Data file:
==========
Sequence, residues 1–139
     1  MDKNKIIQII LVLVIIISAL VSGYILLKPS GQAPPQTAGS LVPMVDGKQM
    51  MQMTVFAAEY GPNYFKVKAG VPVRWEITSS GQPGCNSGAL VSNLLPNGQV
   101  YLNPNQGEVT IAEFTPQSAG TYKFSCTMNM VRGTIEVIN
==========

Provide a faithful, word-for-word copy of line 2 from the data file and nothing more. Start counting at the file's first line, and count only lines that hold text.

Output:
     1  MDKNKIIQII LVLVIIISAL VSGYILLKPS GQAPPQTAGS LVPMVDGKQM